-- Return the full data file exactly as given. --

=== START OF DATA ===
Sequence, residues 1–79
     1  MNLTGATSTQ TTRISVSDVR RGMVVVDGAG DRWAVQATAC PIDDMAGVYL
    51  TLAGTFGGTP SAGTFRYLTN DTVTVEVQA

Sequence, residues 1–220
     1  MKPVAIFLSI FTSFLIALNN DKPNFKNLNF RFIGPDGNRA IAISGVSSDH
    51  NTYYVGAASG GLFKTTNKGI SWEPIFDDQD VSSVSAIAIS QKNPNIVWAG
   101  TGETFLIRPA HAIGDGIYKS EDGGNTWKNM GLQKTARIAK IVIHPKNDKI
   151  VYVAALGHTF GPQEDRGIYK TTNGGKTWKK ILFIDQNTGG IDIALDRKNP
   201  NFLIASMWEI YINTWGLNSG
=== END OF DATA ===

Sequence, residues 1–79
     1  MNLTGATSTQ TTRISVSDVR RGMVVVDGAG DRWAVQATAC PIDDMAGVYL
    51  TLAGTFGGTP SAGTFRYLTN DTVTVEVQA

Sequence, residues 1–220
     1  MKPVAIFLSI FTSFLIALNN DKPNFKNLNF RFIGPDGNRA IAISGVSSDH
    51  NTYYVGAASG GLFKTTNKGI SWEPIFDDQD VSSVSAIAIS QKNPNIVWAG
   101  TGETFLIRPA HAIGDGIYKS EDGGNTWKNM GLQKTARIAK IVIHPKNDKI
   151  VYVAALGHTF GPQEDRGIYK TTNGGKTWKK ILFIDQNTGG IDIALDRKNP
   201  NFLIASMWEI YINTWGLNSG